Qualcomm VP believes smartphones have what it takes to match DSLR image quality
DSLRs can't match smartphone processing powerBy Shawn Knight 26 comments
In brief: Sony is not the only tech giant that believes smartphone cameras are on pace to eclipse DSLRs in the not-too-distant future. Judd Heape, VP of product management for cameras at Qualcomm, seems to agree with Sony's stance.
In a recent interview with Android Authority, Heape said that in terms of getting towards the image quality of a DSLR, he thinks the image sensor is capable enough and the amount of innovation that is going into mobile image sensors is faster and more advanced than what is happening in the rest of the imaging industry.
Another advantage lies in the processing power available inside smartphones.
According to Heape, the processing of a Snapdragon is 10 times better than what you will find in top-of-the-line Nikon and Canon cameras. Even with a smaller lens and a smaller image sensor, Heape said, they can do a lot more processing.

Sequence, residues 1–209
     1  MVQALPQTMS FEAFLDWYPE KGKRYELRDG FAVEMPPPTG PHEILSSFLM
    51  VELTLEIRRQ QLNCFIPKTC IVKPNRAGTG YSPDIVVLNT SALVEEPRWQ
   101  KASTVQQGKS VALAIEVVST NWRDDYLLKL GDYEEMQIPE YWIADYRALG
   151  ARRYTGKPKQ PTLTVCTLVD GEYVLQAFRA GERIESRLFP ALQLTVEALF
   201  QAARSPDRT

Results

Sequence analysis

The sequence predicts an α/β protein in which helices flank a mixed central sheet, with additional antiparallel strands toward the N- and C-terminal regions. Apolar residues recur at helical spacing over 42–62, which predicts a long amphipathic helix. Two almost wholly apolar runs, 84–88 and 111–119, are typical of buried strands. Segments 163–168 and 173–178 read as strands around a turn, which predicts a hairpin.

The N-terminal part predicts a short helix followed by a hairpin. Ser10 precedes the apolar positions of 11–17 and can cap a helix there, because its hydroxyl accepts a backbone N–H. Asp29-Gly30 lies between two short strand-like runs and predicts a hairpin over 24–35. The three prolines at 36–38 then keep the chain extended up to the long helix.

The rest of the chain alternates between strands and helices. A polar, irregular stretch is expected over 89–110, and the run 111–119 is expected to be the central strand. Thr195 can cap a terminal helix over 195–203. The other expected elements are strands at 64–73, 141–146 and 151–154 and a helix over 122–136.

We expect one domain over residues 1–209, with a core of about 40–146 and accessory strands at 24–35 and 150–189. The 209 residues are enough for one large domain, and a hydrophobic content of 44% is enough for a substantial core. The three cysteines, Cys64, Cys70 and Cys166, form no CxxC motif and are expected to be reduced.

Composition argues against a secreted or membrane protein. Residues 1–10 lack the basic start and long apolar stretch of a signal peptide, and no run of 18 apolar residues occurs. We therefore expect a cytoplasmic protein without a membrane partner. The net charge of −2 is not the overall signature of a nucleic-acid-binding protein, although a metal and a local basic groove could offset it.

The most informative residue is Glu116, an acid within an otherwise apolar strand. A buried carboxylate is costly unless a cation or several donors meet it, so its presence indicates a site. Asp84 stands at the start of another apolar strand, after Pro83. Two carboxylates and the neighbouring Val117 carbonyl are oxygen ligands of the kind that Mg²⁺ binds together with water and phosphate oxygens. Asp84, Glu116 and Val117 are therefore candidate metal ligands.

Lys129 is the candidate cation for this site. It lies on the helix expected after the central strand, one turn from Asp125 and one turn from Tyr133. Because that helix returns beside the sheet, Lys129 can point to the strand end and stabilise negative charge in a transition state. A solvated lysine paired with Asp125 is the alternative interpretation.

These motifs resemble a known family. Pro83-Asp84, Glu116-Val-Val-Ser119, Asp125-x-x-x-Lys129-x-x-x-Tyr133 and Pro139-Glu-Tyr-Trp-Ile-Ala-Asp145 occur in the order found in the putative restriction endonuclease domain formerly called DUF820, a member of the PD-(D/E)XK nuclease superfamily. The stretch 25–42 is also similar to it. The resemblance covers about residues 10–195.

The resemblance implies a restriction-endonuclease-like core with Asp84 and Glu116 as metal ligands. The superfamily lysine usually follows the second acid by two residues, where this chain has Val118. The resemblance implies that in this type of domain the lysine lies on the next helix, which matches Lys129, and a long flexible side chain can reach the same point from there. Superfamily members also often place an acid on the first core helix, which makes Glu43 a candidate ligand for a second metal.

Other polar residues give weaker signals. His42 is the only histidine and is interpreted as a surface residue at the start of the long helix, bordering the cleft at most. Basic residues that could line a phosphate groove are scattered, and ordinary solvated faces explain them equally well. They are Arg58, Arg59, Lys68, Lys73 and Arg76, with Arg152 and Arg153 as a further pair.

Sony Semiconductor Solutions (SSS) President and CEO Terushi Shimizu said earlier this year that he believes smartphone image quality will exceed what is possible with a DSLR within the next few years.
What's more, leading DSLR makers seemingly are not prepared to put up much of a fight. Over the summer, insiders said Nikon is preparing to exit the DSLR market to focus on smaller and lighter mirrorless cameras. Late last year, Canon confirmed it had produced its final flagship DSLR and would shift its attention to mirrorless models.
As for the megapixel war, Heape believes the sweet spot is around the 40-megapixel to 50-megapixel range and feels the industry should focus on that target instead of striving for sensors capable of hundreds of megapixels.
Samsung's latest Galaxy S22 Ultra ships with a 108-megapixel rear-facing camera and the company will start mass producing its new 200-megapixel Isocell HP3 image sensor later this year for inclusion in early 2023 flagships.
Bigger pixels could also help the cause as could larger sensors, but the latter is unlikely to expand past one inch in the foreseeable future.